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BYU–Hawaii Mosaic Undergoes First Stages of Conservation Process

Haskins adding marks to the carrier facing of the mosaic.
Photo by Douglas Ferreira

Brigham Young University–Hawaii has called on the help of art preservationist Scott M. Haskins to oversee the de-installation of the mosaic on the front of the David O. McKay building. Under Haskins' guidance, the mosaic will be detached for safekeeping during the upcoming construction work on campus.

The mosaic consists of thousands of half-inch pieces of glass called “tesserae” made in one of the renowned Italian mosaic workshops in Venice, Italy just after World War II. Hundreds of sections of the mosaic were shipped to Oahu in 1958 to be put together like a puzzle. Each pre-prepared section of the mosaic was attached to the cement wall by expert tile installers working as labor missionaries at the time.

Scott Haskins looking at the tesserae of the mosaic.
Photo by Douglas Ferreira

Now de-installing the mosaic, Haskins is following the original traditional installation techniques in reverse. “If you were to detach the mosaic tiles from the wall, then they would fall apart and all you would have would have is a bunch of little tile pieces that turn into a pile of nothing,” Haskins explains.

His team spent two weeks performing tests to compare which modern adhesives and removal techniques would be safest for the mosaic. To preserve the original composition, Haskins and his team then covered the mosaic with several layers of adhesives and fabrics to act as “a carrier/facing/armature” to hold the tesserae together once they are removed from the wall. Haskins explains that this technique has been used to transport mosaics for thousands of years all around the world.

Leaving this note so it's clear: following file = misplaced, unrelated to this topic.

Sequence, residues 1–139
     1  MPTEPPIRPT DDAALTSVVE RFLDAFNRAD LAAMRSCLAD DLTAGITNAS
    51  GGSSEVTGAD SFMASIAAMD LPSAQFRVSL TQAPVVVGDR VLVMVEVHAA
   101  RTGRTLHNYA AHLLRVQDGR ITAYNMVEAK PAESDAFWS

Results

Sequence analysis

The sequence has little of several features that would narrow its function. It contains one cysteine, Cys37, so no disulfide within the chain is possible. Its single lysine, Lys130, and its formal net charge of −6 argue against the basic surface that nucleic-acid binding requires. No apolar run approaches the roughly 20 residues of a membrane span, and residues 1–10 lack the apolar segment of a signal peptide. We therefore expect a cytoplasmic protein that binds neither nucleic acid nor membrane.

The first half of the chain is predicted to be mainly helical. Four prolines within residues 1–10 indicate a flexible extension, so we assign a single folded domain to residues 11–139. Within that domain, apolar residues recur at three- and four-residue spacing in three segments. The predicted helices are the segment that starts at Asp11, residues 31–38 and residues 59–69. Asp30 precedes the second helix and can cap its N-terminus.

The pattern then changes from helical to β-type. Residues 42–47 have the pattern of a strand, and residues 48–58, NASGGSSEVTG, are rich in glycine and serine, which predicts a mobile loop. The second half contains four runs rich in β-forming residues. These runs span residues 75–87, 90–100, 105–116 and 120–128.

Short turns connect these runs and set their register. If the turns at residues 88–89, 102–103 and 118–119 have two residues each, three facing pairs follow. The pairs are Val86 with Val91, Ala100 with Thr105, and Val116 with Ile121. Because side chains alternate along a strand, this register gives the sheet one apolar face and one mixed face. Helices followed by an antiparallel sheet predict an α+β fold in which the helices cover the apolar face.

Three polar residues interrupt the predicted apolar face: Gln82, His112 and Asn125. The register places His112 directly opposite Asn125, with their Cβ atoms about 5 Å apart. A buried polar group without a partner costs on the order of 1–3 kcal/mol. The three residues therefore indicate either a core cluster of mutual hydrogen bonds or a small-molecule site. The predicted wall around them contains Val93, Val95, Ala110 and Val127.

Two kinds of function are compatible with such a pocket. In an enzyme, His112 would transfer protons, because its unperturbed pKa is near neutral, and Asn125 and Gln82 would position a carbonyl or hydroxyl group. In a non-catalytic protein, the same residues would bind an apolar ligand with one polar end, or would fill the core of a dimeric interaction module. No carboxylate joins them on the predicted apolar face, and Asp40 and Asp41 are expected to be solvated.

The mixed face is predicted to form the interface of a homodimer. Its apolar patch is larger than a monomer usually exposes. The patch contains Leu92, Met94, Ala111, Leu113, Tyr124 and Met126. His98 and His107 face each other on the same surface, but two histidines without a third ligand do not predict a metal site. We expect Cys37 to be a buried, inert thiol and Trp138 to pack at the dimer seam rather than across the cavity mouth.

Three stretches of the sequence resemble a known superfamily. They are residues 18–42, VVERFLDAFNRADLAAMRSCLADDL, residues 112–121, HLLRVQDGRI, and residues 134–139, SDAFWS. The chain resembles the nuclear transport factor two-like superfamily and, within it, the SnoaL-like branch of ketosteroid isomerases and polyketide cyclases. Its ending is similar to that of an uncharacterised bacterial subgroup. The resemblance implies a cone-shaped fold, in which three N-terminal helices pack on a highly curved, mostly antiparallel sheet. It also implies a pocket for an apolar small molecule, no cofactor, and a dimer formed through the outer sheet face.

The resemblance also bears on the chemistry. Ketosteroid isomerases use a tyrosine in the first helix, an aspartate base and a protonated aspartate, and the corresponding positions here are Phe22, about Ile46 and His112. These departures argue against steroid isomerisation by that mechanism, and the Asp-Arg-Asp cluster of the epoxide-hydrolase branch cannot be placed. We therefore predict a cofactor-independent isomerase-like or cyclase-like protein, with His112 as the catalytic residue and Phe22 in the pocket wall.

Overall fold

Because the protective facings temporarily cover the mosaic, Haskins and his team carefully traced the outline of key figures and details onto a transparent plastic sheet to serve as a guide later in the process. With this map, Haskins will know where to separate sections of the mosaic and how to put them together again when the restoration work takes place later this year.

Haskins has been preserving art for over 50 years, and when it comes to this mosaic, he has “enjoyed every minute of it.” Work on the mosaic will recommence in September with the return of Haskins and his team. "We knew this delicate process would take quite a bit of time,” said Kevin Schlag, operations vice president. “We weren’t quite sure what we’d find as we started, so that’s why we are doing this now. We are so happy we have engaged Scott. He is truly an expert," Schlag said. When the new campus welcome center is complete, preserved portions of the mosaic will be displayed as a prominent feature in the new building.